Received: Nov 28, 2022, Manuscript No. BSSJAR-22-82810; Editor assigned: Dec 02, 2022, Pre QC No. BSSJAR-22-82810(PQ); Reviewed: Dec 16, 2022, QC No. BSSJAR-22-82810; Revised: Dec 23, 2022, Manuscript No. BSSJAR-22-82810(R); Published: Dec 30, 2022, DOI: 10.36962/GBSSJAR/59.3.001
Economic anthropology seeks to explain human economic behavior in its broadest historical, geographic, and cultural context. It has a complicated relationship with economics, of which it is highly critical. Its roots as a subfield of anthropology can be traced back to the Polish-British founder of anthropology, Bronisaw Malinowski, and his French colleague, Marcel Mauss, discussing the nature of gift-giving exchange as an alternative to market exchange. Economic Anthropology is still primarily concerned with exchange. In contrast, the Marxian school of thought known as Political Economy focuses on production. Economic anthropologists have abandoned the primitivism niche that economists assigned them and are now examining corporations, banks, and the global financial system from an anthropological standpoint.
Political economy in anthropology is the application of historical materialism's theories and methods to traditional anthropological concerns, including, but not limited to, non-capitalist societies. Political economy brought historical and colonial questions into historical anthropological theories of social structure and culture. Three major areas of interest emerged quickly. The first of these areas was concerned with "pre-capitalist" societies that were subject to "tribal" evolutionary stereotypes.
Application of anthropological
The application of anthropological method and theory to the analysis and solution of practical problems is referred to as applied anthropology. It is defined as a "complex of related, research-based, instrumental methods that produce change or stability in specific cultural systems through data provision, direct action initiation, and policy formulation." The practical side of anthropological research is known as applied anthropology, and it includes researcher involvement and activism within the participating community. It is linked to development anthropology.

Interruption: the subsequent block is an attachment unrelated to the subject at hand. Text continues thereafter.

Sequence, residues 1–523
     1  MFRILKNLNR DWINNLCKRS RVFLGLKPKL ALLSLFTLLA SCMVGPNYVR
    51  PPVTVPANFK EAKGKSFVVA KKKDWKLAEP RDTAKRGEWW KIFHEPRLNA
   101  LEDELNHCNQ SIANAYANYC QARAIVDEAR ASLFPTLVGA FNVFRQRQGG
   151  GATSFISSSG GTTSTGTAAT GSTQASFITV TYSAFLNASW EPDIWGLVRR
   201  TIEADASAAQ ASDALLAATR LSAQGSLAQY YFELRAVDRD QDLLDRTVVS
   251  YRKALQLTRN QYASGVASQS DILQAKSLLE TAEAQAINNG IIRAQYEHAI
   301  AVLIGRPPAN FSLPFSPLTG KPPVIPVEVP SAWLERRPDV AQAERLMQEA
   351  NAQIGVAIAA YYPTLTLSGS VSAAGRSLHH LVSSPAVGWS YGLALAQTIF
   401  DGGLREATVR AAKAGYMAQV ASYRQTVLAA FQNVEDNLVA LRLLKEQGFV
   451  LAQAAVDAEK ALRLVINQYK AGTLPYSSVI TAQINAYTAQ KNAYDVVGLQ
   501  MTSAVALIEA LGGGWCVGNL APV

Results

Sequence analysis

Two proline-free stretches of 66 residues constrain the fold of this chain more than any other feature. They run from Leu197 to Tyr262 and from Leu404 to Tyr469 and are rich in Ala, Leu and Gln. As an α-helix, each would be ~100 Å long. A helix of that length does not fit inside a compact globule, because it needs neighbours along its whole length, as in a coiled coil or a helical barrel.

This anthropology of development differs from development anthropology. The application of anthropological perspectives to the multidisciplinary field of development studies is referred to as development anthropology. It prioritizes international development and international aid. In this branch of anthropology, the term development refers to the social action taken by various agents in an attempt to change the economic, technical, political, and social life of a specific location in the world, particularly in impoverished, formerly colonized areas.
Development anthropologists are committed to both criticizing and contributing to projects and institutions that create and manage Western projects aimed at improving the economic well-being of the most marginalized people and eliminating poverty. While some theorists distinguish between "development anthropology" and "anthropology of development," this distinction is becoming increasingly obsolete.
Early approaches to development
Some describe the anthropological critique of development as one that pits modernization against indigenous culture eradication, but this is overly simplistic and does not apply to the majority of scholarly work. In fact, most anthropologists working in impoverished areas want the same economic relief for the people they study as policymakers, but they are sceptical of the assumptions and models that underpin development interventions. Anthropologists and others who criticize development projects see Western development as a product of Western culture that needs to be refined in order to better serve those it claims to help. The issue is thus not one of markets driving out culture, but of fundamental flaws in Western developmental culture itself. Thus, criticism frequently focuses on the cultural biases and blind spots of Western development institutions or modernization models that: systematically portray non-Western societies as more deficient than the West; mistakenly assume that Western modes of production and historical processes are repeatable in all contexts; or fail to account for hundreds of years of colonial exploitation by the West, which has tended to destroy the resources of former colonial powers. Most importantly, anthropologists argue that in order to improve development, the people who the project aims to reach must be involved in the project's creation, management, and decision-making processes.